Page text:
Understanding Restorative Justice

Air Date:
Heard On The Morning Show
Using a restorative justice model, which includes teachers and students gathering in circles for discussions, seventh graders Sarah Reusser, second from left, and Jayden Witter, top right, talk with Jackie Wade, bottom left, assistant principal Rufus Lott, third from left, assistant principal Sara Tompkins, Phillip Carney, bottom right, and counselor Betty Arredondo, bottom center, about a recent conflict, at Ed White Middle School, Friday, Oct. 16, 2015, in San Antonio. Philip Carney said that three years after starting a restorative discipline program as principal of Ed White Middle School in San Antonio, out-of-school suspensions have dropped by 72 percent. Eric Gay/AP Photo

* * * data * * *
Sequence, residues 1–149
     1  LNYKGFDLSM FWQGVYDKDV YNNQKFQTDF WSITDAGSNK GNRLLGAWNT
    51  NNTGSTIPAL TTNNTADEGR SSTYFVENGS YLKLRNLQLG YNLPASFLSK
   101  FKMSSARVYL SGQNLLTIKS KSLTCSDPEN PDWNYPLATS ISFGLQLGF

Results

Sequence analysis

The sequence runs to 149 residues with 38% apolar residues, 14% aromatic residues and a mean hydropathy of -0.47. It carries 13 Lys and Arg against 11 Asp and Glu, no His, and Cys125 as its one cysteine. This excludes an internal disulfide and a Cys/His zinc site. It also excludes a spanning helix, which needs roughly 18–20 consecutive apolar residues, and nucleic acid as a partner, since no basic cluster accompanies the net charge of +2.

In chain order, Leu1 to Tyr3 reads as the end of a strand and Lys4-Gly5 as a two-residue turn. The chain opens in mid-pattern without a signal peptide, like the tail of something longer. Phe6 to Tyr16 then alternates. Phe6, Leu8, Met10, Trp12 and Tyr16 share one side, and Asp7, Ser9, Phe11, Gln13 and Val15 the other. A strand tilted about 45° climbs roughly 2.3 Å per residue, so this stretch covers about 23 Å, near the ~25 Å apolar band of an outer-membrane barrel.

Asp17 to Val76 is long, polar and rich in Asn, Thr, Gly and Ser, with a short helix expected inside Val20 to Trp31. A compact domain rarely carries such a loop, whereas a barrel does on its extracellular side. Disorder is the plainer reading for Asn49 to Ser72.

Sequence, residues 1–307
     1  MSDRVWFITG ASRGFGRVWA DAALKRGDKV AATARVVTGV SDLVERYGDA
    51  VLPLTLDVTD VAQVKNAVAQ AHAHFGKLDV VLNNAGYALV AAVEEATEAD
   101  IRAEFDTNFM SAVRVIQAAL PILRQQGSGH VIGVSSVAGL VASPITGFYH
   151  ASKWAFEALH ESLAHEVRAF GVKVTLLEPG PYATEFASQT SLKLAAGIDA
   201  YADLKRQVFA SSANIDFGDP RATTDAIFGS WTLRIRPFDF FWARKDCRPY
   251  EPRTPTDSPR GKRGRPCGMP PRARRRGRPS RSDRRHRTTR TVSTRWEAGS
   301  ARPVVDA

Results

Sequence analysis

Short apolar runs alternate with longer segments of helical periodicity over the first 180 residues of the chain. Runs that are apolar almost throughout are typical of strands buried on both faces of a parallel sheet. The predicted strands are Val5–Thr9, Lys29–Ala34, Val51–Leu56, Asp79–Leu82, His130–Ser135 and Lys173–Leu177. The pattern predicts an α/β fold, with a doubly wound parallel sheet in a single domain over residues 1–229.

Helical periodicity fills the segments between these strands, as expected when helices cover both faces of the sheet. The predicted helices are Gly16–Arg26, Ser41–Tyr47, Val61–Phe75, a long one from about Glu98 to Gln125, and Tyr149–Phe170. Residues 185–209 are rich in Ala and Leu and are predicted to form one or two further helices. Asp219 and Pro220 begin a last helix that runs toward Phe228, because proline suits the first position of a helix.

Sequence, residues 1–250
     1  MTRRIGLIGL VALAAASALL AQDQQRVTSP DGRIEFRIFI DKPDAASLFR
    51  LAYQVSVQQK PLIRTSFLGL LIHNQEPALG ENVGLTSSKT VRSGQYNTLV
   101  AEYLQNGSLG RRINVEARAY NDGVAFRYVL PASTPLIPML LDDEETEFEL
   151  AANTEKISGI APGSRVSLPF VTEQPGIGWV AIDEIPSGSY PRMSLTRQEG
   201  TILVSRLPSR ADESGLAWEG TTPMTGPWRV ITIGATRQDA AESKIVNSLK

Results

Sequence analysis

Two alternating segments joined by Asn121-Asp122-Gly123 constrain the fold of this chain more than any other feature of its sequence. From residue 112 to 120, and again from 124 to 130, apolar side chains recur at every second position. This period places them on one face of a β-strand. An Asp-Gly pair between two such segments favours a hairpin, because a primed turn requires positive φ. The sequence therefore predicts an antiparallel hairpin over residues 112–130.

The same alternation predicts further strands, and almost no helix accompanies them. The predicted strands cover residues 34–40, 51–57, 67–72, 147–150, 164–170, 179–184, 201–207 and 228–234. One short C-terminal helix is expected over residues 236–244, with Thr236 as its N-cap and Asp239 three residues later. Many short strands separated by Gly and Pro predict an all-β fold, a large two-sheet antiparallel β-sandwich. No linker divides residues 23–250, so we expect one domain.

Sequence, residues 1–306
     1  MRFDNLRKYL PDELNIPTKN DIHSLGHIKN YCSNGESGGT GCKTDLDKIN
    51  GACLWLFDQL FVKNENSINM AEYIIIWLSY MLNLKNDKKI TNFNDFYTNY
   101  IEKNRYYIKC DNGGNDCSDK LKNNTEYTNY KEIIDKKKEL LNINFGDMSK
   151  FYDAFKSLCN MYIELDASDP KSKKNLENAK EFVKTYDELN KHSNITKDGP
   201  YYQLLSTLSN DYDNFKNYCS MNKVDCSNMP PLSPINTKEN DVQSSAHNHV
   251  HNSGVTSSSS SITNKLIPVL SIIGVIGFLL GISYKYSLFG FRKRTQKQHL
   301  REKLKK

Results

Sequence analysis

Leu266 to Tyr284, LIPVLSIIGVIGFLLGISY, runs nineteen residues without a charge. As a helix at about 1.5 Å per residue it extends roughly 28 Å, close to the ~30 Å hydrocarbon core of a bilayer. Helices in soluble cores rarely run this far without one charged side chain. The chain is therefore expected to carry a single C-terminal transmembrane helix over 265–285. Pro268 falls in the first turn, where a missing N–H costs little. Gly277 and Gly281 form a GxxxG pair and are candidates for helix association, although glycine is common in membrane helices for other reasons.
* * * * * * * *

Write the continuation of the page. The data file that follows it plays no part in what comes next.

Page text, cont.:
Why would someone want to sit across from the person who murdered their child and talk to them about it? And why would the killer agree to have that conversation in the first place? We’re entering the sometimes bizarre, often transformative world of restorative justice this hour. Our guest is a former Wisconsin Supreme Court justice who’s been facilitating conversations like this for decades in the hopes of achieving something for those affected by crime that just going to court can’t.

Episode Credits

  • Kate Archer Kent Host
  • Colleen Leahy Producer
  • Janine Geske Guest

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